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FNB and YWCSA Foundation racing against all odds!

Updated: Mar 1, 2022

Yes We Can South Africa Foundation attended an event in the Waterfront, Cape Town, sponsored by FNB for entrepreneurs in September 2019. On entering the event, the founder of YWC, Mila, was so surprised when handed a goody bag made in China and she called the organisers out on it!

Two years later, YWC was contacted by FNB to make the 3000 goody bags for a race which they are sponsoring and which takes place over 3 days cycling through beautiful wine lands and ends up in Hermanus, a seaside town southeast of Cape Town, Western Cape. Due to their involvement in this race they support sport and promote healthy lifestyles which is so important in these trying times – if you go onto the you will see more about it.

When this amazing opportunity came to us, 15 of our ladies immediately sprung into action in co-ordinating this fairly mammoth task as there was a deadline to meet! Firstly, we had to make 3 sample bags according to the bank’s request. FNB chose and supplied the beautiful indigenous shweshwe fabric. YWC was able to use donated cotton from Foschini Group for the stitching and we bought 12 000 metres of black 100% cotton string from a local Muslim supplier in Athlone – we only shop locally to support our communities. This was a challenge in itself as the stock was delayed being delivered to the supplier in Cape Town due to the riots up in KZN and Gauteng with factories and other businesses being destroyed. Our profit was smaller as we did not want to use ‘plastic’ cotton, so we made a conscious decision to buy 100% black cotton string which is over double the price, but in the end its safer and cleaner for the planet. And this matter to us!

The seamstress Abieda Hendricks, from Handmade by Abieda, had a bright idea in that she bought a professional cutting machine and cut 3000 panels with the help of her son. She paid R1200 for the machine and charged YWC R2000.00 for cutting the panels, therefore making a profit of R800.00! They did have to improvise by using their dining room table with a longer plant of wood put on top of it in order to do the work from there. The whole job took 3 days!

We had our own driver delivering the materials to the ladies, firstly to prevent the spread of Covid, and we had the added challenge of the taxi violence in Cape Town. We also supplied each lady with sanitisers and made sure each and every bag was ironed to avoid any risk of Covid-19 transmission. This deadly virus lives 48 hours on fabrics. All completed products were then collected by our driver and delivered to Mila, who personally went through each and every bag to check the final product. We have our own handmade YWC labels inside the bag which is great exposure for us having collaborated with FNB.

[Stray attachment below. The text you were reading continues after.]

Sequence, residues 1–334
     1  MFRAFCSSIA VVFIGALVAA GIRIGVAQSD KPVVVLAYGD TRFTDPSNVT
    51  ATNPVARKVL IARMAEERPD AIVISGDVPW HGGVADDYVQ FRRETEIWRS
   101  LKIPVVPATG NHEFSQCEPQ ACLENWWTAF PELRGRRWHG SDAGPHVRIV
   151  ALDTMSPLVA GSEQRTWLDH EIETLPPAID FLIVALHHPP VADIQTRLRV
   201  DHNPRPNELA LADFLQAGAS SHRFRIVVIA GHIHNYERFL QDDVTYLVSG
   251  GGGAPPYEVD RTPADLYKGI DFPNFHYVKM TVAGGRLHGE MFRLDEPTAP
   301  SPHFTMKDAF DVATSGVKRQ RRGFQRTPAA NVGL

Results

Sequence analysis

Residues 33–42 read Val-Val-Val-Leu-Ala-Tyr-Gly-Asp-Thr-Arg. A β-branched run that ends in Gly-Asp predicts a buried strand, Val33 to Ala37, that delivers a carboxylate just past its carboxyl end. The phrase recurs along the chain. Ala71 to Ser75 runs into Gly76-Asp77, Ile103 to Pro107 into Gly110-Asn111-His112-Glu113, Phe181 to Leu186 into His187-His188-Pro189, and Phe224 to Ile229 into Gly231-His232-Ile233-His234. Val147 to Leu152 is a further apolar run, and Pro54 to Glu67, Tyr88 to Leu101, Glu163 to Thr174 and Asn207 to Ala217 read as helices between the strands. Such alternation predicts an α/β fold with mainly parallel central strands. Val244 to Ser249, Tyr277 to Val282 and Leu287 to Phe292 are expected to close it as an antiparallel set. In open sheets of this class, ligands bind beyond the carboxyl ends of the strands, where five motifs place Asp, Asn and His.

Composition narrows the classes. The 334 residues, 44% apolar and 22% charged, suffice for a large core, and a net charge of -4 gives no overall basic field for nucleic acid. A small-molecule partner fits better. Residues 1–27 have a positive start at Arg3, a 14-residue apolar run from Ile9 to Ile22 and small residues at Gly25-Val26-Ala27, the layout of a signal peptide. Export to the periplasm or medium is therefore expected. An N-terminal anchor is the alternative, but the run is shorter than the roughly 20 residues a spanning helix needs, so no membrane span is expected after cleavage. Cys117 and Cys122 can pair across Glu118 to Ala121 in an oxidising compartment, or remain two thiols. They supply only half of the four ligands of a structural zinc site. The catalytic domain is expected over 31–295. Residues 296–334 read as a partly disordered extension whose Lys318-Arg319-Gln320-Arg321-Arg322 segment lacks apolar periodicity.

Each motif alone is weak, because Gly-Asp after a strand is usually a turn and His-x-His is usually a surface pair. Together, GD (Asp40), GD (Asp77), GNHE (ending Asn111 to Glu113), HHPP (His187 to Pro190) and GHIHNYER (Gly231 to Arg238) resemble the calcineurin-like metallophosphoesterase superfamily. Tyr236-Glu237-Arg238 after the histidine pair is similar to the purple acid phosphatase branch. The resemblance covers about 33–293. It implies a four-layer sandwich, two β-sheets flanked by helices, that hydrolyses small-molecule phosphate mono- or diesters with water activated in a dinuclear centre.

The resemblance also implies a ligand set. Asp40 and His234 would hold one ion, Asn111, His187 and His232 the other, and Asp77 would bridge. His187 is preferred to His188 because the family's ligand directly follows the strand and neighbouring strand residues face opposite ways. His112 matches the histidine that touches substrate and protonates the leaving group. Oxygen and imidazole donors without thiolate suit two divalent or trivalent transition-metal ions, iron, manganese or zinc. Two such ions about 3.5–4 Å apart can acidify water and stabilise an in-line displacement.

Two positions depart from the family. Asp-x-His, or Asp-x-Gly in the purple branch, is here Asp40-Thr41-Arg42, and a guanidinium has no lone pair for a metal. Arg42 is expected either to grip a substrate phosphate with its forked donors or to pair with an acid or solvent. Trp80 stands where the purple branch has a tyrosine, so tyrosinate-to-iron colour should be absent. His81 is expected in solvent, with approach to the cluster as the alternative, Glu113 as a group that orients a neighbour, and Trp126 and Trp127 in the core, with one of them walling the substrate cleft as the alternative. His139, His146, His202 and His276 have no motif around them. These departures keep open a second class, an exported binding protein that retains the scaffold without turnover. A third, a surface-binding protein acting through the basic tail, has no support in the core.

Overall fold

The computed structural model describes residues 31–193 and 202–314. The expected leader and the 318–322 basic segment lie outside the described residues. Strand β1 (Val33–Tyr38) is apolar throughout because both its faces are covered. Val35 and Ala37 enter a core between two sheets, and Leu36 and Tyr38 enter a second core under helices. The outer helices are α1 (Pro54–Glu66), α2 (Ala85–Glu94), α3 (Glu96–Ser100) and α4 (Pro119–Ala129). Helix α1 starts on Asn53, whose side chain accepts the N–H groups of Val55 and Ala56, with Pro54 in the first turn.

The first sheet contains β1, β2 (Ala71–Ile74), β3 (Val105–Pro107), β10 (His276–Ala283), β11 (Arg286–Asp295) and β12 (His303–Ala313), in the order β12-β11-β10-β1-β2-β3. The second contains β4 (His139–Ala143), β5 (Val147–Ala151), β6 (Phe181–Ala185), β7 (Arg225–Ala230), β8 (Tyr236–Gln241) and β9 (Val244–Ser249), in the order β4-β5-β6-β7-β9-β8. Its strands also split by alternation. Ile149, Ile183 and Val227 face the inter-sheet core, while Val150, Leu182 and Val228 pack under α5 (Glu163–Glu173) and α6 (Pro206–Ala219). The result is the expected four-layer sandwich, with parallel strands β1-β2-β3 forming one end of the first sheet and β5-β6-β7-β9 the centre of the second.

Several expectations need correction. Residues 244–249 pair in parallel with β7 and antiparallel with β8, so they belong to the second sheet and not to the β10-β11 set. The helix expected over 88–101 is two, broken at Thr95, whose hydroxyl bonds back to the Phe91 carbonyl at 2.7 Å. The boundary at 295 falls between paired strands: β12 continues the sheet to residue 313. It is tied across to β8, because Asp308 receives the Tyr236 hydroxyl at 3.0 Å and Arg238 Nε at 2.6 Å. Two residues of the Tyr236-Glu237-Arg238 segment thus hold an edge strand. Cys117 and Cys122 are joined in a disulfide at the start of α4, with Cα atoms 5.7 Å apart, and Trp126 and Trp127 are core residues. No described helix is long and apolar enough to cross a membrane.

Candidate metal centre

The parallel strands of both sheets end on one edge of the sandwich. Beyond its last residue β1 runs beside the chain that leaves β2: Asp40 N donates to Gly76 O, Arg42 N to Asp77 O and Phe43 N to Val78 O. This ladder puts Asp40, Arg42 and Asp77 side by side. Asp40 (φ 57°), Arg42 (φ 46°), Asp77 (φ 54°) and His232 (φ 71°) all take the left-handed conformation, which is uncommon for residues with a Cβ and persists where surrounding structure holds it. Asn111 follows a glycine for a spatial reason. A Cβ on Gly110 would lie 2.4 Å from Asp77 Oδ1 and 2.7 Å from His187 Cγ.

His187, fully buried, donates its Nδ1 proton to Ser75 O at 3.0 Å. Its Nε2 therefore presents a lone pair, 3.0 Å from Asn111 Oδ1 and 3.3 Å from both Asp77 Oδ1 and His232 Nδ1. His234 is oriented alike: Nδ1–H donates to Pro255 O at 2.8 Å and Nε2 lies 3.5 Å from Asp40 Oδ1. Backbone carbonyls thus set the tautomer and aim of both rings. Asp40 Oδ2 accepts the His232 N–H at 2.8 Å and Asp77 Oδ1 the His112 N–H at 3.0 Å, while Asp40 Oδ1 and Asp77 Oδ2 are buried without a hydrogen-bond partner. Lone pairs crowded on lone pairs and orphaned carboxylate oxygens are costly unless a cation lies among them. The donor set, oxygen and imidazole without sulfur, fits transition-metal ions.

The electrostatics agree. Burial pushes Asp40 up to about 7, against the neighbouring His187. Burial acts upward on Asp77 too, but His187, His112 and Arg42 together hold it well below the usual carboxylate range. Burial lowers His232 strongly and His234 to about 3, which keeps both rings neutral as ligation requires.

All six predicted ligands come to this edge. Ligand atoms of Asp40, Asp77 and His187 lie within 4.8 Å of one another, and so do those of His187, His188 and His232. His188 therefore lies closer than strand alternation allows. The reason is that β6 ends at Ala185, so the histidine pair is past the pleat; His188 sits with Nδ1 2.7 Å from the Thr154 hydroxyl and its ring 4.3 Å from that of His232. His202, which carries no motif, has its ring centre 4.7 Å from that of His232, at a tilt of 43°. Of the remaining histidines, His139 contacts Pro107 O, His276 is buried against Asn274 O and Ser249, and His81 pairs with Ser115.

We salute FNB not only for the opportunity but for supporting black female businesses. It makes us so proud that they chose us to produce all these bags which we did with great pride and precision with quality control every step of the way! It has been YWC's largest order to date. We hope that this will be the beginning of a seed planted into the corporate world! Please SA companies support township businesses, if you check the quality of the bags made, you will not want to order elsewhere, and more than that SA companies need to support local businesses to get this economy up and running again! We have to appreciate that due to this fantastic order 15 families were being fed during these hard times. These promotional bags have put food on the table of our seamstresses, literally! The only income some of these families have is SASSA grants but the foreigners, do not get any grants.

Mila says “I want YWC South Africa Foundation to become a case study to show that it is possible to uplift our people and it is possible for big businesses to use contractors from the townships. We do feel that we are going from strength to strength but a lot of the small, medium and especially the large businesses need to become involved and support NGOs who are doing such important and professional work out there".

A beautiful part of this story is that Clara Magodo became our first, and we hope of many, challenged women in our organisation! She has proved that with her blindness, she is still very capable of contributing towards the economy. She was able to put the string on each and every bag that she worked on and ironed them all at the end. Every person needs to be given an opportunity to work and earn a decent income. With the money she made, Clara bought bus tickets for her whole family to visit their homeland Zimbabwe!

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